All in VETERINARY
Contemporary horseracing news has identified a small medical trend in which assumedly disease-free racehorses are suddenly expiring before their time
Most experienced trainers will know from bitter experience that a seemingly tiny wound can have a big impact if a horse is unlucky enough to sustain a penetrating injury right over a critical structure like a joint capsule or tendon sheath. Collectively, joints and tendon sheaths are called synovial structures, and synovial infection is a serious, potentially career-ending and sometimes life-threatening problem.
Over the last two decades the Horserace Betting Levy Board (HBLB) in England has funded substantial research to understand how various body systems respond to training. For example, because of this HBLB investment we now know that the hearts of Thoroughbred racehorses get bigger as a response to athletic training and that big hearts are typically associated with better performers.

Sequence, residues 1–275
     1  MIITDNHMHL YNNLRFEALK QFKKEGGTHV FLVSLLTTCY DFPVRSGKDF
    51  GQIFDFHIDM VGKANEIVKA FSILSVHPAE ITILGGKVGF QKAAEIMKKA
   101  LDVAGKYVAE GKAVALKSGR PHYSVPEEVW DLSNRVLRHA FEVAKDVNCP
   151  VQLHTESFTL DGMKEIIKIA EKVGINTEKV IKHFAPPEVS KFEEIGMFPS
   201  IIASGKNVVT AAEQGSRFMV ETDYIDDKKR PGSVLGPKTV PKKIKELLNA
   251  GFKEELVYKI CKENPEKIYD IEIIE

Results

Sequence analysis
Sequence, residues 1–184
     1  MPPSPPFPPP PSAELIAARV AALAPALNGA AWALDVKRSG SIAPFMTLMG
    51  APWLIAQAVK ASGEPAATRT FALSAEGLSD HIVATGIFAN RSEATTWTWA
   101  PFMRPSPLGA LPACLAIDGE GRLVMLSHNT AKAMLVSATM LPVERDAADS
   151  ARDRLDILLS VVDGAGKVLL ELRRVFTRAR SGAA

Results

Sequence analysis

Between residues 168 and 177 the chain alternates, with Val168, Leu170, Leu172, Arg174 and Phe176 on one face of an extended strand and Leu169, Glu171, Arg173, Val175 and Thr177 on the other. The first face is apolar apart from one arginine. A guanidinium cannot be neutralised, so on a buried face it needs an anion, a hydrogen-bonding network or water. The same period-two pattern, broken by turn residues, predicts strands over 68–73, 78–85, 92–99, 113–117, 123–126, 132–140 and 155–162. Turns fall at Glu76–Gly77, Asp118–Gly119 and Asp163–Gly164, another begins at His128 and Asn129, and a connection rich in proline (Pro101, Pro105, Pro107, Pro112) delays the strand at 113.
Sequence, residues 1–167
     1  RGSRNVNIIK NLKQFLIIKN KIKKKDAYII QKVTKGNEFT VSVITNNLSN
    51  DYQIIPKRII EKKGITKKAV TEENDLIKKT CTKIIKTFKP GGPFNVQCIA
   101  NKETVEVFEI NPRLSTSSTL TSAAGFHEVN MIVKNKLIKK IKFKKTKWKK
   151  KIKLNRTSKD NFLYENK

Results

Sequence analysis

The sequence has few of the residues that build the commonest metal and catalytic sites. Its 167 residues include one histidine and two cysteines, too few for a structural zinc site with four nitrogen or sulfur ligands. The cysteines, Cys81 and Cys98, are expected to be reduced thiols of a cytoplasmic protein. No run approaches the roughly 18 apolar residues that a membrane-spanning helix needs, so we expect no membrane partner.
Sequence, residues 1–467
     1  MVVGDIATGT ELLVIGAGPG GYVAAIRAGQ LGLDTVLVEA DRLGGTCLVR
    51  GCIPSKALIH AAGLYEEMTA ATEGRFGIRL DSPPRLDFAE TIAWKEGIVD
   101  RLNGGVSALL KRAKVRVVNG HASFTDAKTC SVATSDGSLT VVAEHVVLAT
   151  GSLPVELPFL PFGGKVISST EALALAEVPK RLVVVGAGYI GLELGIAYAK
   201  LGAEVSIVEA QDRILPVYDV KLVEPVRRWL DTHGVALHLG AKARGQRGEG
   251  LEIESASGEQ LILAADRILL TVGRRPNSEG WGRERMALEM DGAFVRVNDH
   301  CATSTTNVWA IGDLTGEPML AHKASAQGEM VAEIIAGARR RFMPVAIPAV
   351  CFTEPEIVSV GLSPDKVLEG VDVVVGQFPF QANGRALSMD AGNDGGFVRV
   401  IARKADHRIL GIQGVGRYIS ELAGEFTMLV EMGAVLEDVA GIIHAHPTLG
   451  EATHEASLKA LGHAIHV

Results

Timing is everything. Nowhere is this more relevant than when preparing an elite equine athlete for a race. Thoroughbred trainers are critically aware of the importance of fine-tuning the feeding and exercise regimes of their charges in the months, weeks and days before a big event. Timing is also critical for the smooth functioning of a horse’s musculoskeletal system for optimal performance.